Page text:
Is doing chemistry at home possible today? Sarah Houlton finds out
Hobby chemistry has a rich history. In the past it was not uncommon for people to do experiments at home, and the first synthetic dye, mauveine, was the result of a gone-wrong attempt to make quinine in a home lab by an 18-year-old William Henry Perkin in the 1850s. But these days, hobby chemistry has something of a bad reputation, and there is a general consensus that home chemists must be up to no good.
‘A century ago, if you had a laboratory at home you weren’t a terrorist or making drugs, you were an innovator – someone who was exceptional in the pursuit of knowledge,’ says Lou Britton, who started doing chemistry at home in the US state of Ohio at the age of 13. ‘We’ve gone from creators to destroyers, and chemistry has been villainised.’
It doesn’t help that chemistry sets have been heavily neutered in recent years. In the 1950s and 1960s, all manner of toxic chemicals, heavy metals and even nuclear isotopes featured in the kits sold in toy stores (see All set for chemistry). ‘Today, you might get vinegar, baking soda and, if you’re lucky, some alum to grow crystals with. That’s about it,’ Britton says.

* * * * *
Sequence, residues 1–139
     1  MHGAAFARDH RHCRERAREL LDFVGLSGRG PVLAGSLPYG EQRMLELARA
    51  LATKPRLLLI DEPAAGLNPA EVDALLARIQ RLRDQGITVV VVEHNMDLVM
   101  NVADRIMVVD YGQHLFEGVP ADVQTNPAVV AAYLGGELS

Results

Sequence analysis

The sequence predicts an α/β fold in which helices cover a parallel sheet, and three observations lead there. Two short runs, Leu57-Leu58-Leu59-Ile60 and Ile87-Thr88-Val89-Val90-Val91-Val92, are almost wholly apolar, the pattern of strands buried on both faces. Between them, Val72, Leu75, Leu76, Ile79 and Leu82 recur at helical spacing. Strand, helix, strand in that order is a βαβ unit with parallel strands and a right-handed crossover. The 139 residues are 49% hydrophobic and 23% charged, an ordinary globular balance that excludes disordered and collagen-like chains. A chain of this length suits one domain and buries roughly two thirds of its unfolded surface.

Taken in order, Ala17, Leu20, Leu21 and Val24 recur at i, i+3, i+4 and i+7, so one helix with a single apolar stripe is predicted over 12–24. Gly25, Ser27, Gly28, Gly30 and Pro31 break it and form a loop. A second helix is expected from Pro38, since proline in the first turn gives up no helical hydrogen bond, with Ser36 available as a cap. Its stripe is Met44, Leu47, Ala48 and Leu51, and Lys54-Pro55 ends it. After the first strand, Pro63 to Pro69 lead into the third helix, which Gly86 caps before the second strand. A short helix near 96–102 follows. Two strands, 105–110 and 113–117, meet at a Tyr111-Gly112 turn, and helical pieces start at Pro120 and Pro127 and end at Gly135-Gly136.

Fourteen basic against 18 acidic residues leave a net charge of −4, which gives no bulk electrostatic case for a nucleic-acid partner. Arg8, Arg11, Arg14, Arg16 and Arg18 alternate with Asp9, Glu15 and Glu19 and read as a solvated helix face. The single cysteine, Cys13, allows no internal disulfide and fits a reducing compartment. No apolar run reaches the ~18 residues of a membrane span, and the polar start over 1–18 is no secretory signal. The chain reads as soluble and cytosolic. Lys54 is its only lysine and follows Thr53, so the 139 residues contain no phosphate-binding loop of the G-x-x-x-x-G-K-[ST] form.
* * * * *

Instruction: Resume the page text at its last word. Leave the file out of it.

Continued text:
Pocket money to platinum
Britton started his first home lab with simple glassware, learning about acids, bases and titrations, and then combined it with his interests in metal casting. He and a friend joined forces, and set up a lab in the friend’s basement. ‘We had a fume hood, we built a tube furnace, and we had a very nice analytical balance,’ he says.
They constructed a lab bench, and placed the balance on an offcut of granite from his mother’s new kitchen counter (required after a less-than-successful attempt to isolate zinc from pennies burned a hole in her Formica countertop). They even had a fractionating column that was eight feet (2.4m) tall.
The pair would source scrap metal, from lead wheel weights to platinum electrodes, and sell it on, often after processing it, and reinvest the money they made in additional lab equipment. ‘It was a self-financing hobby,’ he says.